- NFL data rights licensee Genius Sports generated $55.8 million in revenue during the second quarter.
- It reported a net loss of $464.1 million for the quarter, an increase from a $7.4 million loss in the same quarter last year.
National Football League data rights partner Genius Sports reported second-quarter earnings Wednesday morning. Revenue doubled year-over-year but it reported a big loss. Shares of Genius Sports were up about 2.5% on Wednesday morning.
Genius provides NFL play-by-play stats and Next Generation data for sports gambling companies, allowing the firms to set betting lines, and offer in-game micro bets.
Genius said it made $55.8 million in revenue for the quarter, which ended on June 30, up slightly from $53.7 million in the first quarter and up 108.4% from the same quarter last year. It reported a net loss of $464.1 million in Q2, an increase from a $7.4 million loss in the same quarter last year. The company said $414.5 million of that loss was for stock-based compensation.
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Last April, Genius signed an exclusive deal valued at $1 billion to provide official data essential to NFL bets – a significant driver for betting companies in an estimated $40 billion online gambling sector. That means if sports gambling providers that want to cash on bets this season using official NFL data have to do business with Genius.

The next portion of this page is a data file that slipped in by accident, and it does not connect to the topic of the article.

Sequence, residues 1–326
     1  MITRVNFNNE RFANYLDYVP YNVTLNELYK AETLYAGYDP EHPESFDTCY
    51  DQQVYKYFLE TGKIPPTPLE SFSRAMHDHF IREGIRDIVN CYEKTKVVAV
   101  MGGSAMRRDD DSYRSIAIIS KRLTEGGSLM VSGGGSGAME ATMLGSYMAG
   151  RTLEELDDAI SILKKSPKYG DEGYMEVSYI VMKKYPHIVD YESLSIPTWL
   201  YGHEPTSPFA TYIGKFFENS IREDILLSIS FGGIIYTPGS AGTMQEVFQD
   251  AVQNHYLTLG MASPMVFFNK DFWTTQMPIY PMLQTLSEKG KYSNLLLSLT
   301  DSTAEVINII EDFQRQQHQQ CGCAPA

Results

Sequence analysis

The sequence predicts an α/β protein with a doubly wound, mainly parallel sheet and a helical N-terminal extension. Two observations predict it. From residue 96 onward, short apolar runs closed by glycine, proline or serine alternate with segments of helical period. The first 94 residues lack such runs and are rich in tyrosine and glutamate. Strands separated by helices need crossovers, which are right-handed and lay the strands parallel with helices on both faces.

On Tuesday, Genius added Caesars and WynnBET sportsbooks to its portfolio. It added Sports Illustrated's sportsbook on Wednesday. Those companies joined DraftKings, which agreed to a partnership last month. Genius makes money from the deals by taking a fixed fee and through a profiting sharing model.
But it still needs to add FanDuel to the mix, a deal that could be announced within the first few weeks of the NFL season. The league selected DraftKings, Caesars, and FanDuel as its top-tier betting partners, allowing the companies to leverage NFL intellectual property and content around its offerings.
A record 45.2 Americans could bet on NFL games during the 2021 season, according to the American Gaming Association. The firm added Americans have bet "$27 billion on sports in the first seven months of 2021, generating more than $350 million in federal, state, and local taxes."
Disclosure: CNBC parent Comcast and NBC Sports are investors in FanDuel.